Ireland is and has always been a country where the demand for houses to rent exceeds supply. And when one is moving to Ireland, there are a number of factors that is important to be considered. One such very important factor is to check if your landlord is a resident of the country or not; as the laws for each scenario vastly differ. And you definitely don’t want to be surprised with litigation!
Before we get into the details of the incidence of taxation of a non-resident landlord, it may be pertinent to understand the various scenarios under which rent is paid. There are four possibilities under which rent could be paid to a non-resident landlord. Let us look at them in a logical sequence:
- Rent paid by a tenant to a non-resident landlord, directly.
- Rent paid to a person resident in the State who acts on behalf of the non-resident landlord in the collection of rent (a “collection agent”).
- Individual who was previously resident, becomes non-resident and is letting a property in the State
- Tax charge to a non-resident landlord, which is a company.
If the scenario calls for rent to be paid directly by a tenant to a non-resident landlord the onus of deducting tax from rent falls on the tenant. The standard rate of income tax deduction is currently 20%. The payment can be done directly into a bank account in the landlord’s name.
Strictly, the tenant should account for the tax soon after it is deducted. The tenant gives the landlord a TDS (Tax Deducted at Source) Certificate on Form R185 (Certificate of Income Tax Deducted).
The landlord is entitled to claim relief for expenses allowed in arriving at the rental profit. However, it should be noted that the tax that a tenant is required to deduct and pay cannot be offset against the tenant’s own income tax liability.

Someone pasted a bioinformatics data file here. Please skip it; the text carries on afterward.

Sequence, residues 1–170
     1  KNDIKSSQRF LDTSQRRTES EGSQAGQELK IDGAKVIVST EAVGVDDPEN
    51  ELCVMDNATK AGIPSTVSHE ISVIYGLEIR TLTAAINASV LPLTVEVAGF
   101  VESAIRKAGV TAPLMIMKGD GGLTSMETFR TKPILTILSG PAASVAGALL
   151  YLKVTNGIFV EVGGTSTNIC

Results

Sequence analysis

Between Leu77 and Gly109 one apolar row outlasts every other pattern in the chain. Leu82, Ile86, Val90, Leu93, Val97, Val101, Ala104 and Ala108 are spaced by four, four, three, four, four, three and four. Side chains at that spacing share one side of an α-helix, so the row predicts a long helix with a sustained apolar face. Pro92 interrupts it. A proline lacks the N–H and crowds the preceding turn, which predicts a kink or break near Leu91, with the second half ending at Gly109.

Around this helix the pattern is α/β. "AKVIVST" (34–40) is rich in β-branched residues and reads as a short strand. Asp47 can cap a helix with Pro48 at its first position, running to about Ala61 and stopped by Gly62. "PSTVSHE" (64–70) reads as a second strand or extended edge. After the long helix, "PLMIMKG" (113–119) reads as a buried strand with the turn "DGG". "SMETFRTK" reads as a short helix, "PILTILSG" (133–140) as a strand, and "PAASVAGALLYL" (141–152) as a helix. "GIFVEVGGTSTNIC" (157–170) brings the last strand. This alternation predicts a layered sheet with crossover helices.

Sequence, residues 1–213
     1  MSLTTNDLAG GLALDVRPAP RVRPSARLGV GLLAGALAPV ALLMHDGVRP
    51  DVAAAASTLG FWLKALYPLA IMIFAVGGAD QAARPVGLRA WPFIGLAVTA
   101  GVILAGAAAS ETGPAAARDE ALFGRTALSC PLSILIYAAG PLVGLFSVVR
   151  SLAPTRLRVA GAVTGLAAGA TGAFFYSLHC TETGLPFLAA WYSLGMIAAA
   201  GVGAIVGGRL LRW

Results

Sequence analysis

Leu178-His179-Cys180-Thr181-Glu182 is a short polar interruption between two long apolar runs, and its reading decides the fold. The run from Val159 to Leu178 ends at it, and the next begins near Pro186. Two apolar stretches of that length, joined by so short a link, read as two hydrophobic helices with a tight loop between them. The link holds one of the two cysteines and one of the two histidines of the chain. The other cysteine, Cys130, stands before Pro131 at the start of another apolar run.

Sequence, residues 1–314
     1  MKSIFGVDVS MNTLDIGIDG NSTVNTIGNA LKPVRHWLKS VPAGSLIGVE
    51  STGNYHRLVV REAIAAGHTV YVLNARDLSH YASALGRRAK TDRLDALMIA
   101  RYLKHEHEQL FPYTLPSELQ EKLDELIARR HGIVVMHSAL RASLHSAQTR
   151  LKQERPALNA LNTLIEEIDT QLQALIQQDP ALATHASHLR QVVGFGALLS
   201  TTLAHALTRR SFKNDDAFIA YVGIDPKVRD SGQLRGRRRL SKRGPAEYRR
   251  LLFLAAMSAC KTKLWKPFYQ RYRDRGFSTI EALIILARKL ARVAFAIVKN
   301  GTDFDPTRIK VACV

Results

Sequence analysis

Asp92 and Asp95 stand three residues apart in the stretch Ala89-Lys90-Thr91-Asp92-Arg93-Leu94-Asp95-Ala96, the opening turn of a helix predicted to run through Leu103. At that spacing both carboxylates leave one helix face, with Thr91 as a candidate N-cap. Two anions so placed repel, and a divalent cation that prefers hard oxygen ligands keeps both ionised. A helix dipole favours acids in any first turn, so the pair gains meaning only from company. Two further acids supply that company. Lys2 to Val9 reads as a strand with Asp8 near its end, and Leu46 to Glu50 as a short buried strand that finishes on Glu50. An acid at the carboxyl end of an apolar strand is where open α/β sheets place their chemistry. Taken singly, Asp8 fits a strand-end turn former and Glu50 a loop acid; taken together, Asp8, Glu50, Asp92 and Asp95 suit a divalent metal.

Utilising the services of a Collection Agent is a suitable option for non-resident landlords. However, both the owner and the tenants might feel it is unfair to pass the burden of collecting taxes on to them. Furthermore, there is no guarantee that a given tenant will pay the requisite taxes, which could cause a lot of hassle down the line for a non-resident landlord. Hence, it is important to pick a trusted agent, be it a company or an individual. They can be a professional person, a family member or any other person prepared to be responsible for the non-resident landlord’s annual tax returns.
The Collection Agent option works out best for both tenants and non-resident landlords. Collection Agents become a bridge for Tenants (to avoid the burden of becoming responsible for another person’s tax affairs) and landlords (to receive their rental income with full knowledge that they are complying with taxation laws).
Found this information useful? Well, there is more you need to know and should be cognizant of! Stay tuned for the next blog to discover two more scenarios and the actual process involved in filing the tax!